The "Exodus 1947" was a worn-out US-owned coastal passenger ship launched in 1928. Originally called the "President Warfield," it sailed the Chesapeake Bay between Baltimore and Norfolk for over a decade. Transferred to the British under the Lend-Lease agreement as part of a group of shallow-draft ships, the "President Warfield" was later deployed in the Normandy invasion. After World War II it returned to US waters. Yet the ship was to take part in one more event which ensured its place in history, symbolizing the struggle for unrestricted immigration into Palestine.
Initially sold as scrap for slightly more than $8,000, the ship was acquired by the Hagana (an underground Jewish military organization). Hagana personnel arranged to dock the ship in Europe in order to transport Jews who sought to illegally immigrate into Palestine. The plight of the ship's passengers would capture the world's attention. In July 1947, the "President Warfield" left Sete, France, for Palestine with over 4,500 Jewish men, women, and children, all displaced persons (DPs) or survivors of the Holocaust. Even before the ship (by then renamed the "Exodus 1947") reached Palestine's territorial waters, British destroyers surrounded it. A struggle followed in which a Jewish crew member and two passengers were killed. Dozens suffered bullet wounds and other injuries.
Attempting to make an example of the "Exodus 1947," the British transferred the passengers onto three navy transports which returned to Europe. The ships first landed at Toulon, France, where the passengers were ordered to disembark. When the French authorities refused to use force to remove the refugees from the ship, British authorities, fearing adverse public opinion, sought to wait until the passengers disembarked of their own accord. When the passengers, including many orphaned children, forced the issue by declaring a hunger strike, the British were forced to return them to Hamburg in the British-occupied zone of Germany. Amid worldwide public outrage, the British authorities compelled the passengers to disembark; some were forcibly removed from the ship. The passengers were then transferred to displaced persons camps in Germany.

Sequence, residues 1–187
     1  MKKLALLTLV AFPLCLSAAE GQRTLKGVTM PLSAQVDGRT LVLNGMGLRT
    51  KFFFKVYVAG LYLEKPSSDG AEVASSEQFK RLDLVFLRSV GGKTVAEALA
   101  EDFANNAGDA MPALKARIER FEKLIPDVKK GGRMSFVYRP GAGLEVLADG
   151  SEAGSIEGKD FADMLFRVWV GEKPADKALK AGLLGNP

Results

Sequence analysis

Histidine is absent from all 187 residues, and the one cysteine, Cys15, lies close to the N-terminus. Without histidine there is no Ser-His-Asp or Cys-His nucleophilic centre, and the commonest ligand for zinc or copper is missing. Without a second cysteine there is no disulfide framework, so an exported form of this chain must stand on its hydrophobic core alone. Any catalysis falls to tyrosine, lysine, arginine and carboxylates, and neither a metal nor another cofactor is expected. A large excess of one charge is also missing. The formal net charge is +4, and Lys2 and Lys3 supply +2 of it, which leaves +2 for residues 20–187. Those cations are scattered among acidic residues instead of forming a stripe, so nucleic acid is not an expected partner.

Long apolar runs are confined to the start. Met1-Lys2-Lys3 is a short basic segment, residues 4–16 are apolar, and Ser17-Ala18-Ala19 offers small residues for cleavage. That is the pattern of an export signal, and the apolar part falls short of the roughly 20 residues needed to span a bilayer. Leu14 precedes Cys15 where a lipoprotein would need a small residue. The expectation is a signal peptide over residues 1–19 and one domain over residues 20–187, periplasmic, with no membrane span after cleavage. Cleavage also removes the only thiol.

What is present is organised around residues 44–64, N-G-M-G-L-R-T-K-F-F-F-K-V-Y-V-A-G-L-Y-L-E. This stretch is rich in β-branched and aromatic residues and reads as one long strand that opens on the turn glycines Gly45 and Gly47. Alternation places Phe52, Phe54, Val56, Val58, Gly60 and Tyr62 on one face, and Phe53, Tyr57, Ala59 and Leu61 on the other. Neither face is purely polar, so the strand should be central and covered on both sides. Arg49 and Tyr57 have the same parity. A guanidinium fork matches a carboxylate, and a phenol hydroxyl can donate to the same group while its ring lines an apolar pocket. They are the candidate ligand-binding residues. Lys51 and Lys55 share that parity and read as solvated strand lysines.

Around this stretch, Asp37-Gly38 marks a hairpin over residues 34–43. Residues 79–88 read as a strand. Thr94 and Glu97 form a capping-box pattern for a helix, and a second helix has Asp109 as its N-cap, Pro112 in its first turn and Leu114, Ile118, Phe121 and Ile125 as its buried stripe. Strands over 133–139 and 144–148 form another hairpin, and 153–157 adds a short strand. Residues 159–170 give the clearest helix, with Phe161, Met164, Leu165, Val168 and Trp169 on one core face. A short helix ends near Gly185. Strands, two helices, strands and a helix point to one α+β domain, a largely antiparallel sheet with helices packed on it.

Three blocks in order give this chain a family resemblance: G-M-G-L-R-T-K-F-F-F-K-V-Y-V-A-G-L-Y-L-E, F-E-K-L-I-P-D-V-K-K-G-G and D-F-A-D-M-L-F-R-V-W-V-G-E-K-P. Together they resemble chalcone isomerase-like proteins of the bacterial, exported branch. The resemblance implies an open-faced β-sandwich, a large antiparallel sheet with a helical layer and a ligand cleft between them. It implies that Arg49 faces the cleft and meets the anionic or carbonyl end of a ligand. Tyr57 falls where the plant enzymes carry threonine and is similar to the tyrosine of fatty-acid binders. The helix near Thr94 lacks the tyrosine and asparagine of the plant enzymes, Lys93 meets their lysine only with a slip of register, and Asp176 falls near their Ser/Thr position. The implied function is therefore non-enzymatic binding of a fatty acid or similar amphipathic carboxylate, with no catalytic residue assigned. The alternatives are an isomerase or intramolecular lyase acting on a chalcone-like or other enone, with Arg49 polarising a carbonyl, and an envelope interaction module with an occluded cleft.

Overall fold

Displaced persons in camps all over Europe protested vociferously and staged hunger strikes when they heard the news. Large protests erupted on both sides of the Atlantic. The ensuing public embarrassment for Britain played a significant role in the diplomatic swing of sympathy toward the Jews and the eventual recognition of a Jewish state in 1948.
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Gruber, Ruth. Exodus 1947: The Ship That Launched a Nation. New York: Times Books, 1999.
Hadari, Zeev. Second Exodus: The Full Story of Jewish Illegal Immigration to Palestine, 1945–1948. London, England: Vallentine Mitchell, 1991.
Holly, David C. Exodus 1947. Annapolis, Md: Naval Institute Press, 1995.
Kaniuk, Yoram, and Seymour Simckes. Commander of the Exodus. New York: Grove Press, 1999.